Being a social activist is not easy — it requires coordination, passion and endurance. Boston Food for Activists is a group dedicated to assisting activists with that last requirement — keeping rally-goers’ stomachs full.
Most recently seen catering to ralliers at the Deferred Action for Childhood Arrivals rally this past Saturday, Food for Activists has been providing free food donated by local restaurants to activists at a number of local rallies since the November presidential election, said Dan Kontoff, the founder of the group.
Kontoff, or “Dan the bagel man” as many of his friends know him, said he founded the group based on his past work with Food Not Bombs, which has been providing food for rally-goers since the 1980s. Kontoff said he worked on and off for Food Not Bombs among other organizations with similar purposes, and helped build the organization to what stands today.
“I’ve been doing food protests for years,” Kontoff said. “I used to work for Food Not Bombs for 15 years. Then I left that group and when I came back to Boston three years … ago it had fell apart so I started a new Food Not Bombs chapter, it took me a year to get the right people and that group is still standing today.”
When Food Not Bombs stopped feeding as many rally-goers as Kontoff would have liked, he set off to make his own group to provide meals at protests.
“My goal was to create a group to feed at all the protests against [President Donald] Trump,” Kontoff said. “I started Food for Activists right after Trump got in the White House. When I came back from [Washington] D.C., I was at the White House and I fed there and organized it and invited people to join, and people did.”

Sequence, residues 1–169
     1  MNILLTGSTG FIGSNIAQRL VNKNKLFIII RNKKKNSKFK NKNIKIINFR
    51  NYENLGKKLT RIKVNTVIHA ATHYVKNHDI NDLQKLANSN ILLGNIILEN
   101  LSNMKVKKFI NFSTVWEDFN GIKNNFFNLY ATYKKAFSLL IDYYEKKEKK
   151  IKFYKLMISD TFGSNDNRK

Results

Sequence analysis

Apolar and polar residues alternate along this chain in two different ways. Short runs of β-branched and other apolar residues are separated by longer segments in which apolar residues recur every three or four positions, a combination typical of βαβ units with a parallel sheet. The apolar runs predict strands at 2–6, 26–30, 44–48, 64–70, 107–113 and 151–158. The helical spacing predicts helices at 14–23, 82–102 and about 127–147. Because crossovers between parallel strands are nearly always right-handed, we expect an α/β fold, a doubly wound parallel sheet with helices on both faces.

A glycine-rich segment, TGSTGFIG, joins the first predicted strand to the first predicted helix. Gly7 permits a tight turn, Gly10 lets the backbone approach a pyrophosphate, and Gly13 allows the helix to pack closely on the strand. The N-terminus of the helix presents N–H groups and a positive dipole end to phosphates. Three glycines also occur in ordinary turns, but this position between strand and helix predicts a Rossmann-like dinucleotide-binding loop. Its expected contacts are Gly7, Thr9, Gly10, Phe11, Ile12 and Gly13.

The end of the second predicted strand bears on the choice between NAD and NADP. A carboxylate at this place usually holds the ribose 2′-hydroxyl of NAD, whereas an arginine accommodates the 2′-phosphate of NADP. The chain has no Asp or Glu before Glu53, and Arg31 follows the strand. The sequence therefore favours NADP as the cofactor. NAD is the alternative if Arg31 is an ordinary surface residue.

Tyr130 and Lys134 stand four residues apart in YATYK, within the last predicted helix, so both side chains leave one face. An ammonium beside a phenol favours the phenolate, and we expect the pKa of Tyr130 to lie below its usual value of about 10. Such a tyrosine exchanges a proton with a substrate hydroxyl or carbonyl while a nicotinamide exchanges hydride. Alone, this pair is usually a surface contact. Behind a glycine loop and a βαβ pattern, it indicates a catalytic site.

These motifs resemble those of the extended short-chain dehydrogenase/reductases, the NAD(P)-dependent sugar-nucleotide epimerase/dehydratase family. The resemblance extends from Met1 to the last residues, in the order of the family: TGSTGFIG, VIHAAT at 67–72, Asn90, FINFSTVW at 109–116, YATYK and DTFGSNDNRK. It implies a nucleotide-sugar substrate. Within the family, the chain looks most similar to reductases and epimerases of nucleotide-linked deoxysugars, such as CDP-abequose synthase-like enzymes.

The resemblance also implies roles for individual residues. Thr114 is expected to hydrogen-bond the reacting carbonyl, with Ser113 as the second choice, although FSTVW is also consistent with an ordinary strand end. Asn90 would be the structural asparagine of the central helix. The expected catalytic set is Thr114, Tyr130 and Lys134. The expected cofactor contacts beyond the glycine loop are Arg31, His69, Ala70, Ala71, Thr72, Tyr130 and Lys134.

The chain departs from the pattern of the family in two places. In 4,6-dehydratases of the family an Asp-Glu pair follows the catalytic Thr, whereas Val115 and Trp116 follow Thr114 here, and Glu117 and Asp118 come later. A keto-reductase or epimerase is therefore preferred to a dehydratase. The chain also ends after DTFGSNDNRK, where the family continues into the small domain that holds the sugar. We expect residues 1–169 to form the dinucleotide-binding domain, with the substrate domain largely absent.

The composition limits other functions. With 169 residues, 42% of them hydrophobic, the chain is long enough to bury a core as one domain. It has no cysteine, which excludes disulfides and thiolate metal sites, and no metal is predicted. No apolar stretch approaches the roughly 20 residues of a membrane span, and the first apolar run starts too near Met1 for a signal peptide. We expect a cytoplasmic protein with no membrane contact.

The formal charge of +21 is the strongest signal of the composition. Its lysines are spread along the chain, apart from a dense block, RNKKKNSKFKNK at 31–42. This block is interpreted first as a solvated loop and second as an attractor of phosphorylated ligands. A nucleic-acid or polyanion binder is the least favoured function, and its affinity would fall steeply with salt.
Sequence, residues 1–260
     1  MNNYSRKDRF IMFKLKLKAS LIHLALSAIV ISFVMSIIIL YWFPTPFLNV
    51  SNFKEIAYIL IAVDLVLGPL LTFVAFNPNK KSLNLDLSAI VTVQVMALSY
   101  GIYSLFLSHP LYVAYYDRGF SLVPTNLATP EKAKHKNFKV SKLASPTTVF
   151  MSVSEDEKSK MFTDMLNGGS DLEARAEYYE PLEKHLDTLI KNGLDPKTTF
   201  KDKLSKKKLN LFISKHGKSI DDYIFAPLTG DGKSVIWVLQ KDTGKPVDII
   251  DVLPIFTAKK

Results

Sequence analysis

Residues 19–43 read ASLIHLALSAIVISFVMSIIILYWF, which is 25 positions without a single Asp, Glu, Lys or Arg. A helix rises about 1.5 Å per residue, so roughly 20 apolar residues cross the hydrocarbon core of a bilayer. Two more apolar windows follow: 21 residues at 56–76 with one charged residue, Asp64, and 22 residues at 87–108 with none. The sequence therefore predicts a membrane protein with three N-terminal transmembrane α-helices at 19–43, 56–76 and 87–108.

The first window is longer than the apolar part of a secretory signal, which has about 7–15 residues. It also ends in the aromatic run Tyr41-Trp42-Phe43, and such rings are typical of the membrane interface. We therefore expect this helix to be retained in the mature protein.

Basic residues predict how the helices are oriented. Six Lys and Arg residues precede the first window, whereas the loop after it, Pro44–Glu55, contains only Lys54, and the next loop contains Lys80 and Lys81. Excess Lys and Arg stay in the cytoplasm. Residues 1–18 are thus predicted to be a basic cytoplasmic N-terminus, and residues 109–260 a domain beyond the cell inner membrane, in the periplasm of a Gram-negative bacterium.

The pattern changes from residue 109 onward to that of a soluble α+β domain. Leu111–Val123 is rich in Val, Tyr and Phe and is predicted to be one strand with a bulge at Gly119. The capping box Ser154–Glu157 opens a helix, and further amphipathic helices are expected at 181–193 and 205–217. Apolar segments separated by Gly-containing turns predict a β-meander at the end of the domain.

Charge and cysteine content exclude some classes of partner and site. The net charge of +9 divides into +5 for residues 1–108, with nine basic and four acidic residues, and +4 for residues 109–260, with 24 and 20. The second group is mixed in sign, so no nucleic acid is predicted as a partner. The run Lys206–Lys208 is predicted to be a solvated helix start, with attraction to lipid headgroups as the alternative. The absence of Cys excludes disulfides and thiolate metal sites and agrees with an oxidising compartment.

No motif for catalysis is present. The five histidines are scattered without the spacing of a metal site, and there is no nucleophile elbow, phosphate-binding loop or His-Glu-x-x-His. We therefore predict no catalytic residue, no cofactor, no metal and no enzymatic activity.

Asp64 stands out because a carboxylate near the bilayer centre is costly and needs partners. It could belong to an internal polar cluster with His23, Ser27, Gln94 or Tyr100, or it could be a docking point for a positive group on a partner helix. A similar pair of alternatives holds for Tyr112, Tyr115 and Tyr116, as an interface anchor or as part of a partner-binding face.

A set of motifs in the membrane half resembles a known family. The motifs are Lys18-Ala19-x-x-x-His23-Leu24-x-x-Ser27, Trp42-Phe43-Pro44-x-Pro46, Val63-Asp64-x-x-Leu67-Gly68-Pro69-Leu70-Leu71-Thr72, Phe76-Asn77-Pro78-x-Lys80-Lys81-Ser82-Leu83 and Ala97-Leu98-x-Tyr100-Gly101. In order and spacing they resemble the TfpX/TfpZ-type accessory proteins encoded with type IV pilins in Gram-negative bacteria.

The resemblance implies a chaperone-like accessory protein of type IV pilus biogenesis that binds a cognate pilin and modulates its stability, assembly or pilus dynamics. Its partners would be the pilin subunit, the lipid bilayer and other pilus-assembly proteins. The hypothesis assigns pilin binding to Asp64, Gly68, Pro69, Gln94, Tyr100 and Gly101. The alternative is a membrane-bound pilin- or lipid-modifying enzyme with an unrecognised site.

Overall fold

Kontoff said the group does receive backlash from both City officials who try to ban free food at the Boston Common as well as restaurants who do not agree with giving out free food to rally-goers.
“The problem is a lot of restaurants don’t want to donate because it’ll make them look bad and lose customers,” Kontoff said. “A lot of restaurants turn us down and make excuses and donate to other things but not to us so it’s tough trying to grow that and get more people to donate it.”
Despite facing some negative criticism, Kontoff said the group receives mostly positive feedback from the community while at protests.
“People say thank you,” Kontoff said. “They appreciate it. They come in and say we love you, we’ll see you all around.”
Matthew Andrews, co-chair of the Green-Rainbow Party in Massachusetts and a member of The Boston May Day Coalition, the organization behind the DACA rally, said he’s known Kontoff since the early 2000s when the two worked to plan anti-war rallies together.
“He has been a pillar of the activist community for over 20 years,” Andrews said. “He’s very well-known and this is work that he has a lot of experience doing.”
Massachusetts residents who volunteer with Kontoff said that helping serve activists has been rewarding because of the appreciation rally-goers show toward them.
Axel Simon, 24, of Mission Hill, said he met Kontoff at a rally and agreed with his idea of giving food to protesters. Since then, Simon said he has come to notice that virtually all forms of gatherings had food provided except protests.
“It seemed like just about every public gathering and event that isn’t a protest seems to have food and refreshments and it seemed pretty logical that protests should too since we’re a real lot of hungry people standing out for quite some time,” Simon said.
Simon said he had doubted at first how successful the group would be and if the community would take notice and be appreciative.
“Once people started telling us how they feel when they see us and how thankful they are that we’re there, we realize that we’re really serving a pretty big purpose to a lot of people,” Simon said.
Crystal Campbell, 30, of Dorchester, said she appreciates Food for Activists in their effort to support rally-goers speaking out against hate groups on the rise.
“Helping out anyone who wasn’t one of those insane Nazi … people is always great in my mind,” Campbell said.
Jackie Weatherbee, 27, of Wakefield said she first saw Food for Activists at the Boston Free Speech Rally on Aug. 19 and appreciates what Kontoff is doing.
“Serving activists and keeping them fit to fight for their communities is an admirable job,” Weatherbee said.